Internet Engineering Task Force (IETF) P. Fältström Request for Comments: 9285 Netnod Category: Informational F. Ljunggren ISSN: 20701721 Kirei D.W. van Gulik Webweaving August 2022
The Base45 Data Encoding
Abstract

This document describes the Base45 encoding scheme, which is built upon the Base64, Base32, and Base16 encoding schemes.
Status of This Memo

This document is not an Internet Standards Track specification; it is published for informational purposes.
This document is a product of the Internet Engineering Task Force (IETF). It represents the consensus of the IETF community. It has received public review and has been approved for publication by the Internet Engineering Steering Group (IESG). Not all documents approved by the IESG are candidates for any level of Internet Standard; see Section 2 of RFC 7841.
Information about the current status of this document, any errata, and how to provide feedback on it may be obtained at https://www.rfceditor.org/info/rfc9285.
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Table of Contents

1. Introduction 2. Conventions Used in This Document 3. Interpretation of Encoded Data 4. The Base45 Encoding 4.1. When to Use and Not Use Base45 4.2. The Alphabet Used in Base45 4.3. Encoding Examples 4.4. Decoding Example 5. IANA Considerations 6. Security Considerations 7. Normative References Acknowledgements Authors' Addresses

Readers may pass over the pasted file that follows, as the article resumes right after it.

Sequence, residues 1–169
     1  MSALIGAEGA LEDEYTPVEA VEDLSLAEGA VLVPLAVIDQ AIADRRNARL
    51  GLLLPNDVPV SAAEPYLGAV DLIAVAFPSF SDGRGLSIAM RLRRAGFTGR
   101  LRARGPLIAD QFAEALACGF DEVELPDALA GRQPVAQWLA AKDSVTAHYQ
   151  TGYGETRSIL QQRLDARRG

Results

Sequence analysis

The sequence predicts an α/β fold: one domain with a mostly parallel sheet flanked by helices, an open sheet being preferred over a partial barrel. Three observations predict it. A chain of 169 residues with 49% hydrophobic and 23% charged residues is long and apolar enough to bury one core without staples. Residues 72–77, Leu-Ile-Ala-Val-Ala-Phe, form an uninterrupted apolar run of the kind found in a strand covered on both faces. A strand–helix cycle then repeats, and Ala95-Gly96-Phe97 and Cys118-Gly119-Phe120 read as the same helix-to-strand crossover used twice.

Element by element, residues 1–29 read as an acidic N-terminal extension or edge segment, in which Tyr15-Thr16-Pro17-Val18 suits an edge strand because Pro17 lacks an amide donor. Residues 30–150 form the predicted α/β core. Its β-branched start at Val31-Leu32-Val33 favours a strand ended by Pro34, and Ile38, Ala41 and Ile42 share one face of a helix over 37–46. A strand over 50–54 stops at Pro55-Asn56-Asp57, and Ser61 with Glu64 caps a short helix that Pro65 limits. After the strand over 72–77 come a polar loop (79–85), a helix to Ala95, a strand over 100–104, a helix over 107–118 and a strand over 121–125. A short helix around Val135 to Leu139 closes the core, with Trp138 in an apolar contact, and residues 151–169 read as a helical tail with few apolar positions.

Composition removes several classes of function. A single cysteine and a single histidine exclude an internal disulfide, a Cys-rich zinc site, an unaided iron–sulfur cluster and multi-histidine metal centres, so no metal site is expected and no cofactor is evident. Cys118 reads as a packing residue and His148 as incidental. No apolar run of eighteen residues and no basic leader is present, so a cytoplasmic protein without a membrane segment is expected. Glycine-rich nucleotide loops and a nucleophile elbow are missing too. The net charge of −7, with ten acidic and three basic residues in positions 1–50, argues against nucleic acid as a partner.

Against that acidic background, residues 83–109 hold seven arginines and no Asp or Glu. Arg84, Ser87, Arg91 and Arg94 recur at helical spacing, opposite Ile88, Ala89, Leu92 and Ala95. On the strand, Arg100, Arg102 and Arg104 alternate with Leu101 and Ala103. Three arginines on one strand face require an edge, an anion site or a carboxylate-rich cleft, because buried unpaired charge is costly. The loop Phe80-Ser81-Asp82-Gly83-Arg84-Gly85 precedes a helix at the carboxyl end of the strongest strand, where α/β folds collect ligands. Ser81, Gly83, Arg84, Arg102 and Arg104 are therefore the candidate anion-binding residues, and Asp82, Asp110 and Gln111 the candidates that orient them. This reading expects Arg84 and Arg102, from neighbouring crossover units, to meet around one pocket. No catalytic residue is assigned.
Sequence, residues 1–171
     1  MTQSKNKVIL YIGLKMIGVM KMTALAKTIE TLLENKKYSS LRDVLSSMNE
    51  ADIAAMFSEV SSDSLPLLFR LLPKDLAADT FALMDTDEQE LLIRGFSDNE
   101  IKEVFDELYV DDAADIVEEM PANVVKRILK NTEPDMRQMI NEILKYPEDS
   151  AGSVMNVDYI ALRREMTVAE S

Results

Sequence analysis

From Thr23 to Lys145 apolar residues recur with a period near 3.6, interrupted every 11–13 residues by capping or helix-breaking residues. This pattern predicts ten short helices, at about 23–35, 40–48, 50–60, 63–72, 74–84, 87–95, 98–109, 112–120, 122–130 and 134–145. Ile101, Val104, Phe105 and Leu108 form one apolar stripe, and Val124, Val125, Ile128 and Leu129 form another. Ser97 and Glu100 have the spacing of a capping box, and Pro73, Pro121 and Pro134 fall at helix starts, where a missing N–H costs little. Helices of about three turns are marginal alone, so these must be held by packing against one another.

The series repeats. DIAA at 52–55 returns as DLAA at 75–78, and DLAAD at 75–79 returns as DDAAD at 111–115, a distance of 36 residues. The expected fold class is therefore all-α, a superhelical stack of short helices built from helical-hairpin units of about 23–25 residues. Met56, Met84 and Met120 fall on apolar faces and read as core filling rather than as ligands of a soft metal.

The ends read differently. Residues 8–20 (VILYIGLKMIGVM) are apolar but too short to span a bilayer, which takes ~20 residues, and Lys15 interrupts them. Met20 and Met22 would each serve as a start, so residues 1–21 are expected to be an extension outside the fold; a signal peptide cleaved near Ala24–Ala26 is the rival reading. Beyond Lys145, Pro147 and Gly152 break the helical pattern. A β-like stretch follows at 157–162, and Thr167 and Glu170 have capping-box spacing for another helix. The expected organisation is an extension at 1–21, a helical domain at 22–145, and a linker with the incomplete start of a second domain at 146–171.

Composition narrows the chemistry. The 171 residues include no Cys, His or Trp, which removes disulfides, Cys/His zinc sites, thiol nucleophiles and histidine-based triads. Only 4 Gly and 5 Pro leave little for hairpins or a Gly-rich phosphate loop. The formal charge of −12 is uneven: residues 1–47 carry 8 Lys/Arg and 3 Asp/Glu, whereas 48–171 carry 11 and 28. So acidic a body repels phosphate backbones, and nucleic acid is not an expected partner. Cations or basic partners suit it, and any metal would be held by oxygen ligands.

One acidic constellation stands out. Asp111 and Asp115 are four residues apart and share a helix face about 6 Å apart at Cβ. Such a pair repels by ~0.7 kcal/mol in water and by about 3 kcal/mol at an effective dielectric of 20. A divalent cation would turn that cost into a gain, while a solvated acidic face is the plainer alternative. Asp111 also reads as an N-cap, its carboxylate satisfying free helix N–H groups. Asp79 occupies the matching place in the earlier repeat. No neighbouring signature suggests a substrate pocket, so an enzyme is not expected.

1. Introduction

A QR code is used to encode text as a graphical image. Depending on the characters used in the text, various encoding options for a QR code exist, e.g., Numeric, Alphanumeric, and Byte mode. Even in Byte mode, a typical QR code reader tries to interpret a byte sequence as text encoded in UTF8 or ISO/IEC 88591. Thus, QR codes cannot be used to encode arbitrary binary data directly. Such data has to be converted into an appropriate text before that text could be encoded as a QR code. Compared to already established Base64, Base32, and Base16 encoding schemes that are described in [RFC4648], the Base45 scheme described in this document offers a more compact QR code encoding.
One important difference from those others and Base45 is the key table and that the padding with '=' is not required.
2. Conventions Used in This Document

The key words "MUST", "MUST NOT", "REQUIRED", "SHALL", "SHALL NOT", "SHOULD", "SHOULD NOT", "RECOMMENDED", "NOT RECOMMENDED", "MAY", and "OPTIONAL" in this document are to be interpreted as described in BCP 14 [RFC2119] [RFC8174] when, and only when, they appear in all capitals, as shown here.
3. Interpretation of Encoded Data

Encoded data is to be interpreted as described in [RFC4648] with the exception that a different alphabet is selected.
4. The Base45 Encoding

QR codes have a limited ability to store binary data. In practice, binary data have to be encoded in characters according to one of the modes already defined in the standard for QR codes. The easiest mode to use in called Alphanumeric mode (see Section 7.3.4 and Table 2 of [ISO18004]. Unfortunately Alphanumeric mode uses 45 different characters which implies neither Base32 nor Base64 are very effective encodings.